Jesus spoke in Matthew 19:4-6: “Haven’t you read,” He replied, “that at the beginning the Creator ‘made them male and female,’ and said, ‘For this reason a man will leave his father and mother and be united to his wife, and the two will become one flesh’? So they are no longer two, but one. Therefore, what God has joined together let man not separate.” From Jesus’ mouth come the directions of when a man and woman are to be completely joined together emotionally, sexually, and spiritually. Living together distorts this original design the Creator set in place! If Jesus’ ways are your ways, then following His design for marriage will bring Him glory!
Some would point out that living together doesn’t always mean a sexual relationship.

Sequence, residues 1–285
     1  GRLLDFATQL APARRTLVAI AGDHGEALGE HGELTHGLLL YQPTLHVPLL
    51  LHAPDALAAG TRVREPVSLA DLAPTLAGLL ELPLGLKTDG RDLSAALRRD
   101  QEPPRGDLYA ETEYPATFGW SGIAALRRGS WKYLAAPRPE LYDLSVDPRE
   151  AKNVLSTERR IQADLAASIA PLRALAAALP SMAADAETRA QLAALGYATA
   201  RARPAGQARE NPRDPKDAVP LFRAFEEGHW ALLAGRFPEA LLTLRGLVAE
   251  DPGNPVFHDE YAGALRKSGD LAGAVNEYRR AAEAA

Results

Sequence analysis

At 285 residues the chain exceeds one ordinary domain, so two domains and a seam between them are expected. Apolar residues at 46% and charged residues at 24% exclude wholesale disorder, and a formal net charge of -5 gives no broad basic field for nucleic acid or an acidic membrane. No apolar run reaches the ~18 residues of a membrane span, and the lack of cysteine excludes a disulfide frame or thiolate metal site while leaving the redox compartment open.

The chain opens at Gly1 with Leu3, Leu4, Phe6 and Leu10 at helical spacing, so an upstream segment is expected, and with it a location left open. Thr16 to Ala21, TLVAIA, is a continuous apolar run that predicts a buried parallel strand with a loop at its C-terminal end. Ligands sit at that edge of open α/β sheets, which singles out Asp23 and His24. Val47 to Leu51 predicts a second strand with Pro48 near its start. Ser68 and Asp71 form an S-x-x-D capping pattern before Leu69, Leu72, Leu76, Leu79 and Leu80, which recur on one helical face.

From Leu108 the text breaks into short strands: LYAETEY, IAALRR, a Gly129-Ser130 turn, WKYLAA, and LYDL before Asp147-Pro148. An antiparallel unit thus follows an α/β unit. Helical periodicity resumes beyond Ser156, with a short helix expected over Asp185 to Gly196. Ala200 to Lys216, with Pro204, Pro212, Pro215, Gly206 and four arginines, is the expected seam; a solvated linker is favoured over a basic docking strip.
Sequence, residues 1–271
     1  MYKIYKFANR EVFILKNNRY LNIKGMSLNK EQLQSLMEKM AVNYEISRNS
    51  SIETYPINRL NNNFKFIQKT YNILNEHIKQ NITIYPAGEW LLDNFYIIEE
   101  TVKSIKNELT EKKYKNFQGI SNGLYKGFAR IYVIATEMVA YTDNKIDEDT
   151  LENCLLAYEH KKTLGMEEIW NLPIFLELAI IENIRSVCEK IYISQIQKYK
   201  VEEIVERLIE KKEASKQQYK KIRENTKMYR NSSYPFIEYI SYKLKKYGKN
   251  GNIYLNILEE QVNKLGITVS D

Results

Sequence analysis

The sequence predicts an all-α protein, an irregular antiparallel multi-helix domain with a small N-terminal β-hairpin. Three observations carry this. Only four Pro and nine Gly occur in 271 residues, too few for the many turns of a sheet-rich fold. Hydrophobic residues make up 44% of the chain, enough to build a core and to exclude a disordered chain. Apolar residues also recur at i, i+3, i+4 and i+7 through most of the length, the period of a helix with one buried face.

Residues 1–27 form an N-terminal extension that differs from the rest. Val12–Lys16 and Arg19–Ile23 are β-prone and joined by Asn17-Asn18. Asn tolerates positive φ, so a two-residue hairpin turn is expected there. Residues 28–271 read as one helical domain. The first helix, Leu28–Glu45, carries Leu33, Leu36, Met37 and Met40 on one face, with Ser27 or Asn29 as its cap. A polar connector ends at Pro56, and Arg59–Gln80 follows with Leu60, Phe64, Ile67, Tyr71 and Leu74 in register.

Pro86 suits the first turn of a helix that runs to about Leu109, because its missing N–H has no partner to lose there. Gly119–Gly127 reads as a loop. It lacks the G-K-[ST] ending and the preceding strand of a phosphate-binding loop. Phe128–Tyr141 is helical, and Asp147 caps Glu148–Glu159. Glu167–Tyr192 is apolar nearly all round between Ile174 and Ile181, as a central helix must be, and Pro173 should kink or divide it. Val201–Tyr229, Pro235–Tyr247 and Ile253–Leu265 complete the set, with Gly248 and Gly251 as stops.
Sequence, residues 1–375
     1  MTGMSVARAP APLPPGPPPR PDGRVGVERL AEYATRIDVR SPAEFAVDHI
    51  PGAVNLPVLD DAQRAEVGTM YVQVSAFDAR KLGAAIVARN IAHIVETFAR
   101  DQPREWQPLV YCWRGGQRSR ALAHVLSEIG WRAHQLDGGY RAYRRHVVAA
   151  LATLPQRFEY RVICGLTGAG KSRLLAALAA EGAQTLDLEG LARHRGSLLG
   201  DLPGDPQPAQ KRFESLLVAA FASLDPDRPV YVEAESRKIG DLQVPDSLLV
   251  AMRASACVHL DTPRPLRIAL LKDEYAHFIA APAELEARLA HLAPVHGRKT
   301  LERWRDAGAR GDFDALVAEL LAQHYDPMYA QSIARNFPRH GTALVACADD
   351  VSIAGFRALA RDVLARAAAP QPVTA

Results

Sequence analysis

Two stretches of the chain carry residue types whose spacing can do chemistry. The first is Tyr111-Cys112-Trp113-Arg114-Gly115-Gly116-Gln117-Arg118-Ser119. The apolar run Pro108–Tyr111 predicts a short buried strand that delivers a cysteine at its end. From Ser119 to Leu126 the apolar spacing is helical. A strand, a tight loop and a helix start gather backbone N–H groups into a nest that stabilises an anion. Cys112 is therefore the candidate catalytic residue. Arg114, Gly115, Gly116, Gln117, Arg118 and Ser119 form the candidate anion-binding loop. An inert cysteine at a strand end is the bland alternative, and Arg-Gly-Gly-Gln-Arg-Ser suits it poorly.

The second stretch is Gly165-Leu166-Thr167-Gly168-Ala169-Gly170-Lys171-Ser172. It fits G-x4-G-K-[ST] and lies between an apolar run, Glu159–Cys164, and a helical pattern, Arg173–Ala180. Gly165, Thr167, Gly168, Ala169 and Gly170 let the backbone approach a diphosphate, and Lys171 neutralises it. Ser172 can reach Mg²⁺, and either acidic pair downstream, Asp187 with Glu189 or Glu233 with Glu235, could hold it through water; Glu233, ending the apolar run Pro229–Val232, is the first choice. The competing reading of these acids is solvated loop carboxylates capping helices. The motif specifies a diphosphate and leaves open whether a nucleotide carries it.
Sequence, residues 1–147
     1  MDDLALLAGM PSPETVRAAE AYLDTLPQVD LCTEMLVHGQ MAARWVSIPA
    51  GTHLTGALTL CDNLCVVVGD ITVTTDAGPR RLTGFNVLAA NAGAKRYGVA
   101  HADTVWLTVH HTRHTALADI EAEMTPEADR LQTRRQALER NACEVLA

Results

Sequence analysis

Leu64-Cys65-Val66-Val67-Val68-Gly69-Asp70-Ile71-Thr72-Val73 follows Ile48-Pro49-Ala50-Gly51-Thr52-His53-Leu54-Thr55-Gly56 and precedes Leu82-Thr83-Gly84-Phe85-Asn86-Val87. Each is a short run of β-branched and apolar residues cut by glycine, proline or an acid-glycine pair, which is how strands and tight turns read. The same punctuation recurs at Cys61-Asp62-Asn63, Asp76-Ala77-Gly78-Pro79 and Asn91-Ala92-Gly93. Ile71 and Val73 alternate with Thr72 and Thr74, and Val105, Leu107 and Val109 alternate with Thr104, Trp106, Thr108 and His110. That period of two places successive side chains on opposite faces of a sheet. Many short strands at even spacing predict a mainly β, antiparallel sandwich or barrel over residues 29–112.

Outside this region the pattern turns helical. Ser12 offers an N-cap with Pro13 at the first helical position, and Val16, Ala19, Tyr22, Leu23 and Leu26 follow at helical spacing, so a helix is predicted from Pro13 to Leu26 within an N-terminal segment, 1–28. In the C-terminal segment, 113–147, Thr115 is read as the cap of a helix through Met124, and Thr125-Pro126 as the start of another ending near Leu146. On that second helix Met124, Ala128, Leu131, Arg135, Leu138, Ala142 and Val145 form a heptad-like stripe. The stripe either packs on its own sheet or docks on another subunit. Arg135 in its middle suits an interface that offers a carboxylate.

But even if I am not sleeping with the man that I am cohabiting with, the danger is riding the line of sin, and a greater danger of bringing dishonor to the Name of the Lord. Dying to ourselves daily is the call on our lives, and that means walking away from temptations that may become so strong that we give in to them.
Bethany, I still don’t see your point, you might be saying. Let me ask another question: What is the ultimate purpose of marriage? Is it first and foremost about your benefit? …Picking up on a theme, yet? There is pleasure and happiness, yes, but God uses the marriage union as a picture of the gospel. Ephesians 5:22-33 might be a familiar passage to you (for many of you it may be exasperatingly familiar!), but Paul discusses the great mystery of the relationship between Christ and the Church and how He chose to paint a beautiful picture of that relationship in the marriage union. Do we dare mess with this picture all because it will make us happy? Or that we can work on our “issues” before tying the knot?